Courtesy of Rebecca Rawlinson
Construction started on The Plaza Hotel in 2005. The $400-million renovation is slated for completion in January 2008.
The Plaza Hotel's $400-million renovation is nearing completion, with occupancy scheduled for this month.
In 2004, New York-based developer Elad Properties purchased the dilapidated hotel for $675 million and demolition began in fall of 2005. Elad Properties is the last in a long line of Plaza owners and renovators, including Conrad Hilton, Donald Trump and Prince Al-Walid from Saudi Arabia.
The hotel–a favorite of F. Scott Fitzgerald, Truman Capote, Katherine Graham and the Beatles, as well as the setting for Kay Thompson's Eloise children's books, was originally designed by Henry Hardenbergh and completed in 1907. Lead New York architects Costas Kondylis & Partners collaborated with Gal Nauer Architects of New York and Israeli architect Ranni Ziss to restore The Plaza to its original iconic elegance.
"The Plaza sorely needed a complete renovation, not just the exterior, but also the infrastructure and mechanicals because it was no longer operating as a top tier hotel," said Stephen Hill, partner in charge of the project at Costas Kondylis & Partners.
The 805 hotel rooms have been converted into 182 luxury residences, 282 hotel rooms and suites, 152 of which are pied-á-terre spaces which tenants own and occupy for four months a year, while renting them out the remainder for revenue that operator and owner will share. Spaces will range from 11,000 to 700 sq ft.
Tom Keane, project executive for construction manager Tishman Construction said the renovation and demolition were done simultaneously, to ensure that the project was completed in the two and a half years allotted.
Courtesy of Liz Shea
The hotel had pavilions on three corners that were not usable. Each was reframed and now supports the upper floors.
"Everything we did, we did with our hair on fire," he said. "Speed-to-market was our biggest challenge. We wanted to move from non-revenue generating to revenue generating as quickly as possible."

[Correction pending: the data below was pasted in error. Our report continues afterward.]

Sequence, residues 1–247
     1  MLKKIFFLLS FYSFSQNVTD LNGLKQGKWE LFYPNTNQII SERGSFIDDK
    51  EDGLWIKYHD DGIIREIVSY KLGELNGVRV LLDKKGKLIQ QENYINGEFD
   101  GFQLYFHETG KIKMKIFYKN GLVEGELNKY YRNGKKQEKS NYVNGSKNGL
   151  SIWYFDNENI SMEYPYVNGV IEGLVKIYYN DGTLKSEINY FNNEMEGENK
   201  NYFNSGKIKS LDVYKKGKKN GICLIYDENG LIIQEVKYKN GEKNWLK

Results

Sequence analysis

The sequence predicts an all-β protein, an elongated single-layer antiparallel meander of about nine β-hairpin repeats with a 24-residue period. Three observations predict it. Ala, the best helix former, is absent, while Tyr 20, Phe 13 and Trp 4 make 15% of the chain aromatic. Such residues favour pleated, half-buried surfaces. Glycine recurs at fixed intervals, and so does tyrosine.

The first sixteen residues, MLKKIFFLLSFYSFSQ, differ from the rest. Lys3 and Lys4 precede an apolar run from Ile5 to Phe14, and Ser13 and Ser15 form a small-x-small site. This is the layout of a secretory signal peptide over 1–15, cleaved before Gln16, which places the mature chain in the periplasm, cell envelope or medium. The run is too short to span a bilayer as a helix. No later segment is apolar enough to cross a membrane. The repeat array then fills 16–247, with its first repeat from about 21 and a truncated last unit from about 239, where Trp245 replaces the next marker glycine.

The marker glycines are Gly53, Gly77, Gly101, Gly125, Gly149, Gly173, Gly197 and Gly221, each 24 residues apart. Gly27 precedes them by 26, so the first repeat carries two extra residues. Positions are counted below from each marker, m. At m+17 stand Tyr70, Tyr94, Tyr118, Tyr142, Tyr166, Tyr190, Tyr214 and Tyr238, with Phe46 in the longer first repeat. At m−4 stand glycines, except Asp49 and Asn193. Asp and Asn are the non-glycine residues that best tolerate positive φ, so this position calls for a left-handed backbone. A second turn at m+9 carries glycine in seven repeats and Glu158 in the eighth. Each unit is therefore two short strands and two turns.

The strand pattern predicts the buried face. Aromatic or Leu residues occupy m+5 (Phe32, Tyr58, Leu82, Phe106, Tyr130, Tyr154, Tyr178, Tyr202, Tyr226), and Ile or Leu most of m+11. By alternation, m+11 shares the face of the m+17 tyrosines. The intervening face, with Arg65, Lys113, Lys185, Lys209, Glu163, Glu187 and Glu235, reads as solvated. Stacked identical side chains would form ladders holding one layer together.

The demolition team, which included about 200 workers from New York contractors Breeze National Inc. and Venetian Enterprises as well as Waldorf Holding Corp. of New Jersey, left only the original perimeter wall and seven elevator shafts.
"This was a gut renovation," said Keane.
During the demolition process, asbestos abatement was a top priority because of the building's age.
"It's a century-old building, asbestos was everywhere, even in the plaster and pipe and duct installation," Keane said. The project team had Nova Development Group of New Jersey conduct a pre-abatement evaluation and demolition was adjusted accordingly.
Top Concern for Preservation
New York-based historic preservation consultants Walter B. Melvin Architects and Higgins & Quasebarth were retained to attend to the numerous interior and exterior landmark areas.
Courtesy of Bernstein Associates Photographers
The 15th floor on the north end of The Plaza had old copper finials which were replaced with vintage-style copies and artisans installed reproductions of the original green-glazed terra-cotta tiles.
The Grand Ballroom, the Terrace Room, the Edwardian Room, the Oak Room and bar, the Palm Court and the two separate lobbies have recently been designated historical landmarks.